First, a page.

What is your greatest regret? On what occasion do you lie? In an excerpt from the magazine’s latest hardcover effort, Vanity Fair’s Proust Questionnaire, 10 of our age’s most recognizable luminaries submit to Marcel Proust’s favorite parlor game. Plus: Answer your own Proust Questionnaire using your Facebook account.
Illustrations by Risko.
What is your greatest fear?
Converting kilometers to miles.
If you were to die and come back as a person or thing, what do you think it would be?
A seagull—graceful in flight, rapacious in appetite.
If you could change one thing about yourself, what would it be?
Nothing about me, everything about others.
EDWARD M. KENNEDY
On what occasion do you lie? When I tell each of my sisters that she’s the prettiest of them all.
What is your motto? “God helps those who help themselves.”
Which words or phrases do you most overuse? I. Tremendous. Stupid. Idiot. Dream.
Which living person do you most despise? The Bluetooth-wearing S.U.V. driver who idles in front of my building.
How would you like to die? Vindicated.
On what occasions do you lie? I probably lie constantly, if the definition of lying includes white lies, social lies, lies to ease a situation or make someone feel better.…
What is your greatest regret? Not learning to read music. However, Juilliard is still on my mind! I’ve come within two blocks of the building, and my schedule would not allow for me to enroll at the time.
From Time.com, ten of the most inappropriate ads ever conceived. Inappropriate to them, that is. I like a couple of these.
This campaign, which ran in the otherwise straightlaced city-state of Singapore in the first half of 2009, makes possibly the least subtle allusion to oral sex of any ad that wasn't pasted to the inside of a pay telephone booth. While the pitch may only appeal to half the population — and make nearly everyone blush and uncomfortable — it is certainly hard to forget. Did they cross a line? Probably. Burger King argues in its defense that the campaign was never intended to run in the U.S.
This sophomoric video was banned from Super Bowl XL in 2006 — for obvious reasons. Not only does it make us cringe, but it's not exactly putting their product in a positive light. (Who would want a Bud Light after that?) Still, the company obviously knows its customers, or at least knows who it thinks its customers are. A February 2009 viral campaign featured a regular American Joe trying to buy a little porn with his Bud Light, making us wonder what kind of consumer they are trying to attract.
Virgin's controversial advertisement in promotion of their CO2-conserving Pendolina train, is quite literally a news report of a mass animal orgy. What makes this ad creepier is the fact that these are humans dressed as animals. After all this, the company might consider a name change.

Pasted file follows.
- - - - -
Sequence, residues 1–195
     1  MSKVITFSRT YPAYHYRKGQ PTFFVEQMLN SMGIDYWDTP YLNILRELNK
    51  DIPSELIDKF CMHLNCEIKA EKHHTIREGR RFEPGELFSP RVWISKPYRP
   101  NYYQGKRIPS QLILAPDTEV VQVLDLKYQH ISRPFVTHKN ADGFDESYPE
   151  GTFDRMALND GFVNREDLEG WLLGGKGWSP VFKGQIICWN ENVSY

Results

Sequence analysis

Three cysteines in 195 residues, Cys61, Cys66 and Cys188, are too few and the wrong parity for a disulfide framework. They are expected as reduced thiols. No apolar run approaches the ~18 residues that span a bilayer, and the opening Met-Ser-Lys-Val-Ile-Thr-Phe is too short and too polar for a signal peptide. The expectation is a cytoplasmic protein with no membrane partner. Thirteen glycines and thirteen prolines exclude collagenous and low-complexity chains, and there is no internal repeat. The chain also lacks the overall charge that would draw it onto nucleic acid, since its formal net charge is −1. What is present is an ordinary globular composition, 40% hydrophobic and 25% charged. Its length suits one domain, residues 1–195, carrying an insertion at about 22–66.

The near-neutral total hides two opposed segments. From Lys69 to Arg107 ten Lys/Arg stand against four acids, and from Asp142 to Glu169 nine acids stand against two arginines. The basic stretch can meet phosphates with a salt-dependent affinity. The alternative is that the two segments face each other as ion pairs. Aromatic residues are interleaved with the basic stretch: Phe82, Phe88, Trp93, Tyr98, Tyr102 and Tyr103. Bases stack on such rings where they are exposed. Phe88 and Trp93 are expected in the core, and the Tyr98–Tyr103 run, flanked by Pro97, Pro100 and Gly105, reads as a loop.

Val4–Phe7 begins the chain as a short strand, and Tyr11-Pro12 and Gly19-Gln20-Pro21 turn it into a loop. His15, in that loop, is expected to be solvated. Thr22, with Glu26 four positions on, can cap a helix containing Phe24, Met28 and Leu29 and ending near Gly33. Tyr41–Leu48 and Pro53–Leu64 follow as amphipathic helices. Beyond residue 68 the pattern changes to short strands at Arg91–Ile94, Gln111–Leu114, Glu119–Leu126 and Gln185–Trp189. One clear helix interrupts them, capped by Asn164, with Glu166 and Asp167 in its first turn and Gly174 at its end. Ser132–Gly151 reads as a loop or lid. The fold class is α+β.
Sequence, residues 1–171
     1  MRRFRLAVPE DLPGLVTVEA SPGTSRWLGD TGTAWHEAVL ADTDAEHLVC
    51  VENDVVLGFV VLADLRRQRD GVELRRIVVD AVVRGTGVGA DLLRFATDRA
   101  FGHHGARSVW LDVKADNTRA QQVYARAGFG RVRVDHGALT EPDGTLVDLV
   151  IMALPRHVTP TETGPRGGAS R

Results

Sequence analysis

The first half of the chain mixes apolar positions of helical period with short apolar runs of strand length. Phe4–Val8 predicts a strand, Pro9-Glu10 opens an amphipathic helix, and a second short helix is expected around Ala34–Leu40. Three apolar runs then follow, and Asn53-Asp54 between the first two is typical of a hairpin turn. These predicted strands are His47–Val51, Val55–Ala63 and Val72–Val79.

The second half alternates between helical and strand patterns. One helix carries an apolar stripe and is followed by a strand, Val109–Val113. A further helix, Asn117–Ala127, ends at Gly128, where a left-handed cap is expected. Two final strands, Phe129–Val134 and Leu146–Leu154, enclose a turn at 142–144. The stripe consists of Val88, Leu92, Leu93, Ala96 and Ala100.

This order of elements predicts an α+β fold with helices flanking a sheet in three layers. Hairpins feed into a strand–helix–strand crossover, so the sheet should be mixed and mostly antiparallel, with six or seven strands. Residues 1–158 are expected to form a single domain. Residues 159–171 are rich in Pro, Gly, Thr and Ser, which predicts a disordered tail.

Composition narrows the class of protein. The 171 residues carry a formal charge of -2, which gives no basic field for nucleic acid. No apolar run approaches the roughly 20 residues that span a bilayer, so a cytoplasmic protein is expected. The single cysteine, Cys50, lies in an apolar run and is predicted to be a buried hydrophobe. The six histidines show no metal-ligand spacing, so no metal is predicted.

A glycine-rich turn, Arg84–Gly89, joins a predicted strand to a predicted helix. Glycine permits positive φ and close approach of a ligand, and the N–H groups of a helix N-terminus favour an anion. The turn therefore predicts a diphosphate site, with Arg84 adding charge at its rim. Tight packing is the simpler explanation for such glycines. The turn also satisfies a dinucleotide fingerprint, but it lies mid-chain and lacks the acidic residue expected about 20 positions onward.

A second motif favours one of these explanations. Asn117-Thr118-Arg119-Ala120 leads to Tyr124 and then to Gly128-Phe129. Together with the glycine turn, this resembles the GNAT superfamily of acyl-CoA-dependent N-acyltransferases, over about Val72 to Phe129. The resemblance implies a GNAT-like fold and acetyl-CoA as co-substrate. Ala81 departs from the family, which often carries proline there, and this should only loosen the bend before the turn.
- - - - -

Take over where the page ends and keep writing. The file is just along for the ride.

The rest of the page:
We're not exactly sure who the target audience is for these Bacardi Breezer ads. Touting "an ugly girlfriend" as the ideal "hotness-boosting accessory," the campaign offers cringeworthy explanations: "Upgrade your trips to the beach with Sally," reads one. "97 kilograms of femininity, strength and double chins. No tires can disguise the lumpy rolls decorating that body." And this appeals to potential buyers of the quintessential girly drink — how? The ad ran for just two months through an Israeli affiliate in 2008 before Bacardi shut it down and issued an apology.
Unlike many of the over-the-top ads on this list, this one, by French automaker Citroen, sneaks up on you. The 2008 spot opens "with airborne shots to Wagner, reminiscent of the controversial Nazi propaganda film Triumph of the Will," noted Angus Robertson, leader of the UK's Westminster Scottish National Party, who tried to get the ad banned last year. "It goes on to feature an eagle statue similar to the Nazi emblem, a road sign in gothic script not seen in Germany since 1945, a fencing duel popular with extreme-right German fraternities and ends in front of the 1936 Berlin Olympic Stadium." Citroen defended the ad as "humorous and fun."
To be fair, it can't be easy creating a commercial for a razor that allows women to shave where the sun don't shine. But using landscaping — namely waist-high topiaries — might not have been the most subtle metaphor. The U.K. version even features a catchy jingle about "mowing the lawn." (Lyrics include "Feeling rough around the edges? It's time to trim the hedges!")